A bilateral head injury that shows graded brain damage and behavioral deficits in adultmice

Nai Kui Liu, Yi Ping Zhang, Jeremy O'Connor, Alexander Gianaris, Eddie Oakes, Qing Bo Lu, Tom Verhovshek, Chandler L. Walker, Christopher B. Shields, Xiao Ming Xu

Research output: Contribution to journalArticle

10 Scopus citations


Reliable animal models of traumatic brain injury (TBI) are essential to test novel hypotheses and therapeutic interventions. In this study, based on advantages of both the closed head injury (CHI) and controlled cortical impact (CCI) models, we developed a bilateral head injury model in mice. C57BL/6 mice were used in this study. A midline craniotomy (5 mm diameter) was performed extending 2 mm anteriorly and 3 mm posteriorly from the bregma, centered over the sagittal suture. The skull flap was left in place. A cortical impact on the surface of the skull flap was performed using an electromagnetic impactor. Here we report that the injury significantly decreased the neuroscore and increased foot drops in a severity-dependent manner. Severity-related deficits in performance on a rotarod device were also found at both slow and fast accelerations. These findings suggest that our TBI model can produce graded motor deficits. In addition, Morris water maze testing showed increased latency to locate a hidden platform in a severity-dependent manner, suggesting that our model can also produce graded memory deficits. Furthermore, an adhesive removal test revealed significant increases in time-to-contact and time-to-remove the adhesive tape from the paw in a severity-dependent manner, indicating that our TBI model produced graded somatosensory and motor deficits. Histological analysis presented a clear gradation in brain tissue damage following graded brain injuries. These findings collectively suggest that the current model may offer a sensitive, reliable and clinically-relevant model for assessments of therapeutic strategies forTBI.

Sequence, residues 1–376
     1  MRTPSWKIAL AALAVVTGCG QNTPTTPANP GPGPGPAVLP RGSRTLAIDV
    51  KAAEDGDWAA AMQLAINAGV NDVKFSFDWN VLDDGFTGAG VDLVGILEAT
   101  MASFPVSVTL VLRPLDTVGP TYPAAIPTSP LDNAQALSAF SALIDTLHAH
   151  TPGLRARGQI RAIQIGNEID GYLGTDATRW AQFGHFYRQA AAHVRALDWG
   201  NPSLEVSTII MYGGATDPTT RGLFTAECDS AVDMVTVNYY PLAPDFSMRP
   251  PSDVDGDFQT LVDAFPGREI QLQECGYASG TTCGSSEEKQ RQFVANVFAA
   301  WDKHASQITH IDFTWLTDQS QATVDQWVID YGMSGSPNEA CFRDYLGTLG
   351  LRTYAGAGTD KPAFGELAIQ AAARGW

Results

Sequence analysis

Original languageEnglish (US)
Pages (from-to)121-128
Number of pages8
JournalBrain research
StatePublished - Mar 7 2013


  • Behavior
  • Closed head injury
  • Controlled cortical impact
  • Histology
  • Traumatic brain injury

ASJC Scopus subject areas

  • Neuroscience(all)
  • Clinical Neurology
  • Developmental Biology
  • Molecular Biology

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